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Re: [PATCH] Handle weak symbols

Franz --

  Thanks for the patch.

  My reply is in two parts:

  - Things that need to be done to improve the patch.

  - Questions that I need to know the answers to in order to 
    understand whether or not this change needs to go on the branch.

  Here are the improvements:

  - is_on_pending_weak_list:

    - Needs documentation

    - Should return `bool'.

    - Should use a splay-tree or hash-table to do the lookups.
      Note that this means reworking other routines that handle
      weak_decls as well.

      make_decl_rtl is called a ton and in C++ especially there
      are a ton of weak symbols, so your change would introduce
      new quadratic behavior.

  - We should be using `if' rather than `#ifdef' according to 
    our new coding standards.  That means that defaults.h should

      #ifndef HANDLE_PRAGMA_WEAK
      #define HANDLE_PRAGMA_WEAK 0
    and then we should use #if instead of #ifdef throughout the

  - The way declare_weak works isn't very good because it forces
    the computation of DECL_ASSEMBLER_NAME.  We shouldn't 
    need to do that until the last possible minute, probably 
    in weak_finish.  And there we should only call ASM_WEAKEN_LABEL
    for decls that have DECL_ASSEMBLER_NAME_SET_P and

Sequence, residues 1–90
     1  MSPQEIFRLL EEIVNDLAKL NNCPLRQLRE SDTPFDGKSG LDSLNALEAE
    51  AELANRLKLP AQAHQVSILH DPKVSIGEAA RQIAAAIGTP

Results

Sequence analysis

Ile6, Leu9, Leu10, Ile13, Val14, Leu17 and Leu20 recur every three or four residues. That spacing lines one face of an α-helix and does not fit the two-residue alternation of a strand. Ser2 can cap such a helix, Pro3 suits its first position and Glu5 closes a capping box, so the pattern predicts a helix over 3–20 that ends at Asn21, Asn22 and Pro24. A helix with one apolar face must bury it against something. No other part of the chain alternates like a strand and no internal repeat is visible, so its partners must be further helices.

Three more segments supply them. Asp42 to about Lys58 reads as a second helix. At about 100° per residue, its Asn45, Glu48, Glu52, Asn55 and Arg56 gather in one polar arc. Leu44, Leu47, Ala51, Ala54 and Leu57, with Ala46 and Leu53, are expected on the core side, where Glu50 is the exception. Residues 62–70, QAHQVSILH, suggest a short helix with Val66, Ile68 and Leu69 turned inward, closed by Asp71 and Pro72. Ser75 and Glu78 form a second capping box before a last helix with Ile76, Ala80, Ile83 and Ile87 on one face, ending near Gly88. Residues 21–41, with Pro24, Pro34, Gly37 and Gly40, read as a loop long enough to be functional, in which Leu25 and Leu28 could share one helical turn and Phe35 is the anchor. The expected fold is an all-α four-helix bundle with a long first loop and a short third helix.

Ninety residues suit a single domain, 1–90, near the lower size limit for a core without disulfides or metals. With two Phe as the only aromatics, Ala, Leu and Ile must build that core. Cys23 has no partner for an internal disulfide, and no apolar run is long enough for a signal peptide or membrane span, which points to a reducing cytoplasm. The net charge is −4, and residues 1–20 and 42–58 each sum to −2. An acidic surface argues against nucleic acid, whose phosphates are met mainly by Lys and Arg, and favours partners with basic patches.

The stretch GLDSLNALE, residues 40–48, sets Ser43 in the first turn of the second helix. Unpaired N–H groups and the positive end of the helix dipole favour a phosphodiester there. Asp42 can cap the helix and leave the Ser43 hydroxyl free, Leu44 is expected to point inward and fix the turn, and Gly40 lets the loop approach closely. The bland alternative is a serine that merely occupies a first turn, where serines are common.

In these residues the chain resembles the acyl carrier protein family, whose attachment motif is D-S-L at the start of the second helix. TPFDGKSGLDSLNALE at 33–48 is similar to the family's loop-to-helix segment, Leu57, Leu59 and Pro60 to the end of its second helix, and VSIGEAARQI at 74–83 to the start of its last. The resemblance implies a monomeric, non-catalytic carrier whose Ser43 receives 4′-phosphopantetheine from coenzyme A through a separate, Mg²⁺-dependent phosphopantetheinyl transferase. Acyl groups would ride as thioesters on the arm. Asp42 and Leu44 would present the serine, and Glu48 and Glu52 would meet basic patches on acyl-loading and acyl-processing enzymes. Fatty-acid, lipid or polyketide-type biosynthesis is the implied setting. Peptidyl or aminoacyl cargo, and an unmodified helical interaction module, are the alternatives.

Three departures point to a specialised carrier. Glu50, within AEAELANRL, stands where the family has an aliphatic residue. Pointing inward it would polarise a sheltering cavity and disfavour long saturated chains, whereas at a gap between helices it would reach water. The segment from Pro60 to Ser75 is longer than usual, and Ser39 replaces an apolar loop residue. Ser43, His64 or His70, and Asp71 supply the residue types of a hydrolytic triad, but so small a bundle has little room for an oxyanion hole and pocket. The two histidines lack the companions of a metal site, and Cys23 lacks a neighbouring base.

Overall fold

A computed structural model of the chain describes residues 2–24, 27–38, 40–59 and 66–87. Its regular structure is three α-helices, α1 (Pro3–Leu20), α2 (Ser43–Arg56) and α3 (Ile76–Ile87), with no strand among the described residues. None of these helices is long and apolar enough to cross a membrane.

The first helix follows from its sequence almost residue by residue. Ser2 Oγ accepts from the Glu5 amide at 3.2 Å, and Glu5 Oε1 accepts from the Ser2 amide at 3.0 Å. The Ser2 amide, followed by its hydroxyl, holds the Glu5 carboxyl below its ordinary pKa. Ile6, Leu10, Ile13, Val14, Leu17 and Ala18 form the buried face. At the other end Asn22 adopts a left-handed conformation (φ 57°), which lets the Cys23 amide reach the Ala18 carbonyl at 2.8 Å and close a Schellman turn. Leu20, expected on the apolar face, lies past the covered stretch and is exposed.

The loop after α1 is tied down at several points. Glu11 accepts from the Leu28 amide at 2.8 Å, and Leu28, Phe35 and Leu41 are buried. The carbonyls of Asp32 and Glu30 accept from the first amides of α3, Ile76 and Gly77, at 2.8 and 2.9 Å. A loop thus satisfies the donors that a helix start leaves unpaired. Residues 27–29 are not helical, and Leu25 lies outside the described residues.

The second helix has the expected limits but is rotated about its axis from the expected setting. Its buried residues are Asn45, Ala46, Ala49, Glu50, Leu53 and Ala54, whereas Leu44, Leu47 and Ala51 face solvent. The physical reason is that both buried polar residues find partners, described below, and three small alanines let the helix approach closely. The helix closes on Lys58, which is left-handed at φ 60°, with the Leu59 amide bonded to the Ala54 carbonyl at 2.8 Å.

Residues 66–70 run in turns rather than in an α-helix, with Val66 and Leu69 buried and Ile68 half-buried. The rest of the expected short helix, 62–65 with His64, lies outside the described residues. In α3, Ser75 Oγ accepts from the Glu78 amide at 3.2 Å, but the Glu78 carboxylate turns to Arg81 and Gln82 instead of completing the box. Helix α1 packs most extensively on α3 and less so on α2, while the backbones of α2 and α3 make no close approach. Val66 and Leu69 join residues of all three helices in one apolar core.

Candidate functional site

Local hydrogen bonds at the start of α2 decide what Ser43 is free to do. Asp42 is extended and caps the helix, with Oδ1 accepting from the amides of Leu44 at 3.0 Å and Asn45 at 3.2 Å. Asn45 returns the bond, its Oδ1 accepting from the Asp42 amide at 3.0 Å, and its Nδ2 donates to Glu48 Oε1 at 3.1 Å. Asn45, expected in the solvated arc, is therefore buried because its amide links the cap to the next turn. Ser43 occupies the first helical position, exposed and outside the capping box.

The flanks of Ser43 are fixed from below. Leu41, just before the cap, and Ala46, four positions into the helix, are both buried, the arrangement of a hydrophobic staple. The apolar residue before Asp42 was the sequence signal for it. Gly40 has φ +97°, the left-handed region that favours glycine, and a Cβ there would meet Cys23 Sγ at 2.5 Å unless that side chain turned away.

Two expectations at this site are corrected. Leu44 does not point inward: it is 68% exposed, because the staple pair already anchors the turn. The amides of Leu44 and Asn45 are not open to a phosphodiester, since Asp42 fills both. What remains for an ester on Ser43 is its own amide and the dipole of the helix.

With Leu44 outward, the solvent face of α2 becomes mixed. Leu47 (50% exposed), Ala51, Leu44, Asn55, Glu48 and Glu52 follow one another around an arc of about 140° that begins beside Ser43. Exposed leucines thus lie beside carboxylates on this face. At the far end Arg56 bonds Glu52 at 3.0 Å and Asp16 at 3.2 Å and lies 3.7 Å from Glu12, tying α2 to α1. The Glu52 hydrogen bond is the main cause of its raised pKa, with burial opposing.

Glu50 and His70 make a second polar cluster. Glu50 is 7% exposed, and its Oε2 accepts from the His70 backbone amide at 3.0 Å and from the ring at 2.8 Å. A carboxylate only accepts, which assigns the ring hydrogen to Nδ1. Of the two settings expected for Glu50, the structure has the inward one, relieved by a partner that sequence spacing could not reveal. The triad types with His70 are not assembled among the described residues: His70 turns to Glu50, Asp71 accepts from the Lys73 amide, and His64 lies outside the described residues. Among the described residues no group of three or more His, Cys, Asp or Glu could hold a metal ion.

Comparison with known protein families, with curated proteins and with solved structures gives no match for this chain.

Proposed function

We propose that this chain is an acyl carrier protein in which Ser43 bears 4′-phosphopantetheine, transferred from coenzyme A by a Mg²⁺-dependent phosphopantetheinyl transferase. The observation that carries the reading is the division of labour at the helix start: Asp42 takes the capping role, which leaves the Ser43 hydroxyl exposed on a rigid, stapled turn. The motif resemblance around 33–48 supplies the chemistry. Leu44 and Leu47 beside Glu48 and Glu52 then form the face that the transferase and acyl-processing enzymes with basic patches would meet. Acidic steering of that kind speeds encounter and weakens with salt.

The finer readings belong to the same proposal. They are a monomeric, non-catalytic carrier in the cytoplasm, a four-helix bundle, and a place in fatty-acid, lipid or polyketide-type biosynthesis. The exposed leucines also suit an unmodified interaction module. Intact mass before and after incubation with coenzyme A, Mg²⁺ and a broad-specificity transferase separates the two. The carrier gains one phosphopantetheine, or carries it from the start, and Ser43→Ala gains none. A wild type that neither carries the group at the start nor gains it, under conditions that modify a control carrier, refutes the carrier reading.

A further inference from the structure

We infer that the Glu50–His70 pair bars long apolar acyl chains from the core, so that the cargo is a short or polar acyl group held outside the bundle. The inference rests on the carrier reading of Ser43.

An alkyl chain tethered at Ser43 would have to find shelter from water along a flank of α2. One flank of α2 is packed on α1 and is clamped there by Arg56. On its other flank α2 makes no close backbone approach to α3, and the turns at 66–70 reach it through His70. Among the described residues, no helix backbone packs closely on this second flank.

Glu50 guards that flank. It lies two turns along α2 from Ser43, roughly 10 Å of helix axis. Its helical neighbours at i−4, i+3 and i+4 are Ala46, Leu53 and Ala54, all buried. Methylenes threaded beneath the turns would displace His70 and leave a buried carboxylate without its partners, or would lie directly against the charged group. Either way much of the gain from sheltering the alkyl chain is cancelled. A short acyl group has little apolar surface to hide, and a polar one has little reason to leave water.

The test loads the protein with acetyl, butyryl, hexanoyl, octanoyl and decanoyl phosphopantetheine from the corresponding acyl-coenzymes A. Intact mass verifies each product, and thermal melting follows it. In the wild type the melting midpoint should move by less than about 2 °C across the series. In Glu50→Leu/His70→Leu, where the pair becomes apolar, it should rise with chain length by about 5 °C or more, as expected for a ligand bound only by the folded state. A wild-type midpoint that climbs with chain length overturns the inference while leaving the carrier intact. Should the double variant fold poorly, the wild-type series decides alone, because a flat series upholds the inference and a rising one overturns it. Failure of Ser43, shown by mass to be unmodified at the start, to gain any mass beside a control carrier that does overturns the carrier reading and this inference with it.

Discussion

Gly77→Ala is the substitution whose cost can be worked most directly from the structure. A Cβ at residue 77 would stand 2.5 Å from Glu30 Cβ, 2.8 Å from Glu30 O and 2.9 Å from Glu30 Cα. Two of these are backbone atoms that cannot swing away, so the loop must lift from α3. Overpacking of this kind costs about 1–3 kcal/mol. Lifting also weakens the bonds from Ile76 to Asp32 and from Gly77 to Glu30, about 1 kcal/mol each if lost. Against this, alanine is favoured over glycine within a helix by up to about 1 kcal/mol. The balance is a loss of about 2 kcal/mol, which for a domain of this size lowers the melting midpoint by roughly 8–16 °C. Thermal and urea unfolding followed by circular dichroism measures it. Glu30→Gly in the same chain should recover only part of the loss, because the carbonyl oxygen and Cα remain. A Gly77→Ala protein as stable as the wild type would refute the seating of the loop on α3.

In general, it's bogus to do things based on assembler names, 
    not just because of the laziness there, but also because
    programmers don't talk about *names* they talk about *entities*.

    So, we should change this too.

  - I don't understand why we need to disable the check in
    declare_weak.  That seems like a good check.

  Uh-oh.  I realize that I've now asked you to go way beyond fixing a
bug, and all the way to reimplementing this gunk.  That's not really
fair, but I still don't want to introduce the new quadratic behavior.

  Now, the other questions:

  - Why do we need this on the branch?

  - In particular, does GCC 3.0 handle some testcase worse than
    GCC 2.95.2?  If so, do you have a little test-case to show?

  - Or, are development versions of glibc using some new construct
    that old ones didn't?  If so, why?

  Assume I am an idiot and explain it all in gory detail.  I'm not the
world's best expert on linker semantics, etc.

  Thank you,

Mark Mitchell         
CodeSourcery, LLC     

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